from The American Heritage® Dictionary of the English Language, 4th Edition
- n. A system of transporting troops, civilian passengers, or supplies by air, as in an emergency or when surface routes are blocked.
- n. A flight transporting troops, civilian passengers, or supplies under such conditions.
- transitive v. To transport in an airlift.
- intransitive v. To transport troops, civilian passengers, or supplies in an airlift.
from Wiktionary, Creative Commons Attribution/Share-Alike License
- n. The transportation of troops, civilians or supplies by air, especially in an emergency.
- n. Such a flight.
- n. A pipe that is used to suck up objects from the sea bed.
- v. To transport (troops etc) in an airlift.
from WordNet 3.0 Copyright 2006 by Princeton University. All rights reserved.
- v. fly people or goods to or from places not accessible by other means
- n. transportation of people or goods by air (especially when other means of access are unavailable)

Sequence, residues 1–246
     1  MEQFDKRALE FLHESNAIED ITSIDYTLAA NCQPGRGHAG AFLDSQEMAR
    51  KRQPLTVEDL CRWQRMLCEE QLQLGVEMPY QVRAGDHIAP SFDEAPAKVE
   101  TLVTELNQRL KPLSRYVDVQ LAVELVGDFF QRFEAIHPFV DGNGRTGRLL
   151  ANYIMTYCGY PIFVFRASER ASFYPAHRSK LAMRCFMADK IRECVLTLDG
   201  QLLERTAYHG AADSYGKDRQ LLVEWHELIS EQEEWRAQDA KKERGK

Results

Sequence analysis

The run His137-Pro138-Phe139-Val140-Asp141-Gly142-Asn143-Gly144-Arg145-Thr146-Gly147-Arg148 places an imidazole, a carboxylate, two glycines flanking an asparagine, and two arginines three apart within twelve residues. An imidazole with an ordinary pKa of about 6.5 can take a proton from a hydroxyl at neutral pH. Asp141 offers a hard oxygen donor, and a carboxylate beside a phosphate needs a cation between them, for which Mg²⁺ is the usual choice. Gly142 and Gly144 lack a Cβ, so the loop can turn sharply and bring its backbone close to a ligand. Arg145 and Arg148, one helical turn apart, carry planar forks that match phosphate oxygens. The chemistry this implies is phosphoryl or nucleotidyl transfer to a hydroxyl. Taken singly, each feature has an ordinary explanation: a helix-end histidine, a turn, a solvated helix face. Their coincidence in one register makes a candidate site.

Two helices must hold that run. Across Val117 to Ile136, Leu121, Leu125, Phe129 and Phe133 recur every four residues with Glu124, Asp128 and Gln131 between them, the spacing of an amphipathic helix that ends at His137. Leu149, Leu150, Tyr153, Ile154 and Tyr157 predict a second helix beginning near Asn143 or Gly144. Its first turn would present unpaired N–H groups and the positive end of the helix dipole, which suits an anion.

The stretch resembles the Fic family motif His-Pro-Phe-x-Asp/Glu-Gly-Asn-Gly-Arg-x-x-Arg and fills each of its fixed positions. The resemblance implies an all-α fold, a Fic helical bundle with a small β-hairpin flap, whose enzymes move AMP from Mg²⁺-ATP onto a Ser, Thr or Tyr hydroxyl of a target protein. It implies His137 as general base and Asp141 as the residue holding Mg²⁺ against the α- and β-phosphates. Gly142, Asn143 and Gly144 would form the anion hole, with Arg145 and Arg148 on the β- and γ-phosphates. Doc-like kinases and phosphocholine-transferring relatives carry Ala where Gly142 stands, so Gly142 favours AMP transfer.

During the Berlin airlift, I was in Berlin as a summer student at the Siemens company, and I decided to go West via one of the empty airlift return flights.
Yet always, as with a Berlin airlift or a Greek-Turkish program, or a Marshall Plan, a way has been found to deal with the problem short of major war.
Whereas Truman's Cold War policies — the Truman Doctrine, the Marshall Plan, the Berlin airlift — were supported by his 1948 opponent, Thomas Dewey, and largely continued by his successor, Dwight Eisenhower, many of Bush's post-9/11 policies — including the prosecution of the war in Iraq and the conduct of relations with allies such as France and Germany — have been harshly attacked by Kerry.
Tempelhof, the airport made famous during the Berlin airlift and originally intended to function as the gateway to Hitler’s Third Reich capital, “Germania,” is slated to close today, the victim of Berlin’s airport consolidation.
Everyone knows the reason for the airlift was the Soviet Union and the Iron Curtain — particularly Berliners!
And the airlift was the beginning of a better relationship, and finally, we developed a friendship with the Americans.
One of the great problems of the airlift was the building of new runways—including a third one at Tempelhof used only for takeoffs—and strengthening the old ones.
We should clearly recognize that the airlift is a temporary expedient.
That satisfied Attlee, who came home to call the airlift “one of the wonders of the world.”
We have been flying tungsten in by airlift, which is expensive to get and to transport.
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